And if you need help, please let me know. I am not a finance expert by any means so please don’t take this advice as such. I do read a copious amount of information on a daily basis in dozens of channels. I try to stay as informed as possible on a wide variety of subjects. As I learn and understand more, I will of course share it. Together, watching out for one another, we are stronger and more resilient. If last week is any indication, we’re in for quite a ride for at least the next 18 months until the midterm elections. At least we’re all in the same boat. Now let’s row in the same direction.
On Saturday, my friend, Chris, and I went to look at a house I’m interested in buying. We were sitting on the porch waiting for my wonderful agent, Yo-G, to arrive to show us the house. Chris and I grew up in a similar socioeconomic situation and we started talking about how lucky we both are. Our educations literally saved our lives, and the road wasn’t easy but it was worth it. For me to even sit on that porch with the possibility of making an offer on it is a dream come true. I feel the same way when I go out to eat, take a trip, or even pay my monthly bills. While it sounds simple, I’m glad I’m able to do all of that and still save for my future. For so long, that felt out of reach.
I wish I could go back and tell my 20-year-old self that everything’s going to be fine, that eventually after a lot of hard work and hardship life would get easier, less stressful, and be fulfilling in so many ways. I wish I could save her the sleepless nights, constant worries, deep depression, and intense fear that plagued so much of her college years into her 20s and 30s. I guess that’s why I’m so intent now on mentoring and helping young people. I can’t go back and save myself that stress, but I can help others who are on the same path. I can let them know that with determination they will be ale to build a life they love. And the difficult path certainly has an upside – it made me so grateful for what I have today. I’m glad I got to see the world from my view now, and I’m intent on taking other people with me while I rise.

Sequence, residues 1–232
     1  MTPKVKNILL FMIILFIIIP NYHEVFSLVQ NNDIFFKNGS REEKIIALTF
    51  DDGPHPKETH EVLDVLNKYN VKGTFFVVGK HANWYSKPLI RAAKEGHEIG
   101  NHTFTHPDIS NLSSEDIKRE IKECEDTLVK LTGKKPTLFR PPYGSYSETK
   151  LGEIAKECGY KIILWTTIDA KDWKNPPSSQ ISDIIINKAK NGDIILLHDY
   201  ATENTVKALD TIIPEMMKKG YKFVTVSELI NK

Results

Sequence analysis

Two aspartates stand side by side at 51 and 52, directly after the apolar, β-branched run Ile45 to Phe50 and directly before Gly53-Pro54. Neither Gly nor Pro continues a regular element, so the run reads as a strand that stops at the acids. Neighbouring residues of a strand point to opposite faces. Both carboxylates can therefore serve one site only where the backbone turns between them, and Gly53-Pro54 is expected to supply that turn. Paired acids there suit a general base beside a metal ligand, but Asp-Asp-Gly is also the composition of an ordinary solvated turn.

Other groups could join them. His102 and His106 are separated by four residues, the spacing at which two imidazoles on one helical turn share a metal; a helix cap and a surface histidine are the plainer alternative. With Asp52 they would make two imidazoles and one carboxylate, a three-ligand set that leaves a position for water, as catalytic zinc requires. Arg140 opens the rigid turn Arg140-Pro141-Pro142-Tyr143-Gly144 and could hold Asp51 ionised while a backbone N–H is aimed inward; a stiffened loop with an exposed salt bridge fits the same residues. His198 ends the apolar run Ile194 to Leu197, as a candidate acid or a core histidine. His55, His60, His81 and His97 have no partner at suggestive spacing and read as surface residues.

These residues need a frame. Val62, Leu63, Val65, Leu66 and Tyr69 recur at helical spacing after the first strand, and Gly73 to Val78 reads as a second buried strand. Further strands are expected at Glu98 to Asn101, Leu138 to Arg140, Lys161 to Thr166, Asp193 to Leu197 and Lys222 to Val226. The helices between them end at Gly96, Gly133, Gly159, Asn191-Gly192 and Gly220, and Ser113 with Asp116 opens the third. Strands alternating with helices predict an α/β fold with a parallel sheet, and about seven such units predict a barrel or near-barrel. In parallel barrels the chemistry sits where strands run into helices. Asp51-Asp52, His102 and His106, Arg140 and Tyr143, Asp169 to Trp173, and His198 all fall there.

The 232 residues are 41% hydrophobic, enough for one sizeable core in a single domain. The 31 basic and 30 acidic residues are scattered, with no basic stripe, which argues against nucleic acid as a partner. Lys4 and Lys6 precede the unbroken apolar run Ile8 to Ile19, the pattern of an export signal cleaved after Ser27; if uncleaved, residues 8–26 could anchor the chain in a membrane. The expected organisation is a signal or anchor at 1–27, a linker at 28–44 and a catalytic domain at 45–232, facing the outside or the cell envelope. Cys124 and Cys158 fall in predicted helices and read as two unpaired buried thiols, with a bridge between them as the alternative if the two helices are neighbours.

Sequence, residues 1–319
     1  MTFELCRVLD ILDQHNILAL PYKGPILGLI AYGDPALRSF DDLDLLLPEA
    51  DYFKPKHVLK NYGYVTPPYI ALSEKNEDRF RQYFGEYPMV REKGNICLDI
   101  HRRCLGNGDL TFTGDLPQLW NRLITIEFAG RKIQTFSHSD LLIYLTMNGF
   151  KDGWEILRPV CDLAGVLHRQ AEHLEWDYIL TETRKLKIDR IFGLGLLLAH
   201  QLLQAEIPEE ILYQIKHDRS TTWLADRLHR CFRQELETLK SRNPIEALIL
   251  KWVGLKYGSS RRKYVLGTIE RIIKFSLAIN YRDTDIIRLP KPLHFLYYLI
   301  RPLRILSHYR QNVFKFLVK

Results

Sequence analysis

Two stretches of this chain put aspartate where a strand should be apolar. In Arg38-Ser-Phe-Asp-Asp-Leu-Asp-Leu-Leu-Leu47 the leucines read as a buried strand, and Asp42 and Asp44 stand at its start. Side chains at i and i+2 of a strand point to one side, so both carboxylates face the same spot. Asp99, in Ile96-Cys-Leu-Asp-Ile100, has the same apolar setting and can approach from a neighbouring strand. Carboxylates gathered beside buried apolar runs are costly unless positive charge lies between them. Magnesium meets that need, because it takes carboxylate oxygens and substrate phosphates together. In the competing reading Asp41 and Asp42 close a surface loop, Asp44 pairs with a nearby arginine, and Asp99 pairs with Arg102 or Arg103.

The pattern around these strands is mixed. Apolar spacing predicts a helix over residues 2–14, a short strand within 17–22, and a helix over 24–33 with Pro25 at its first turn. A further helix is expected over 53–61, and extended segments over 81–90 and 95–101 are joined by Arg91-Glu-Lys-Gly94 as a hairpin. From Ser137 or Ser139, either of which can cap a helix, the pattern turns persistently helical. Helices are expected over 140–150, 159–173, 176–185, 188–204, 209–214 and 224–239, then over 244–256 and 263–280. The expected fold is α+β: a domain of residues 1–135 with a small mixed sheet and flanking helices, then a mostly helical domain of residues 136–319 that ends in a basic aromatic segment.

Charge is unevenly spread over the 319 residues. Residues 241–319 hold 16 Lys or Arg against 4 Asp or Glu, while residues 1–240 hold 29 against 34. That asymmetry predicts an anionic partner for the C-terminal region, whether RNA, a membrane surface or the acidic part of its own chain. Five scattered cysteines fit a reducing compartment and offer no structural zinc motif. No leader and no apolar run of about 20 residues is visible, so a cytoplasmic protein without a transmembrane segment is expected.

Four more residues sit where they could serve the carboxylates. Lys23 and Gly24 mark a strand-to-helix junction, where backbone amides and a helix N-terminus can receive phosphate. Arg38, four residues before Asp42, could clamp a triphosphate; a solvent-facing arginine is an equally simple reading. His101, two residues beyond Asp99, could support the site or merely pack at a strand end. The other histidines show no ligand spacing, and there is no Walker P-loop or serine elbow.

Yesterday, I attended a lunchtime webcast about health and wealth for personal and professional reasons. I want to make sure I’m doing everything possible to take care of my finances and my health. It was run by Fidelity and featured personal finance journalist Jean Chatzky and Dr. Mike Roizen from the Cleveland Clinic. It was incredibly helpful so I wanted to share the highlights that they sent in a presentation at the end of the webcast. I hope it’s as helpful to you as it was to me.
I’m working on a piece of writing for my dear friend, Amanda. She’s the best editor I’ve ever worked with, bar none. Whenever she asks me to write something for her, I jump at the chance every time. This particular assignment involved traveling back in time to the dark days of September 2008 when the world, my career, and my life was turned upside down by a frightening, unprecedented economic recession. I was working for a financial institution, an industry I swore I’d never join, and I was, in a word, terrified.
Rather than cower and hide, I rose up. To this day, I’m not sure where I found the strength. I guess the fear of losing my job and my livelihood was adrenalin for me. I took that energy that gets wasted by fear and used it to drive me forward, headfirst, right into the abyss of the unknown. I still shiver thinking about it. And then I smile. Time travel is a wild ride. We are so much stronger than we think we are.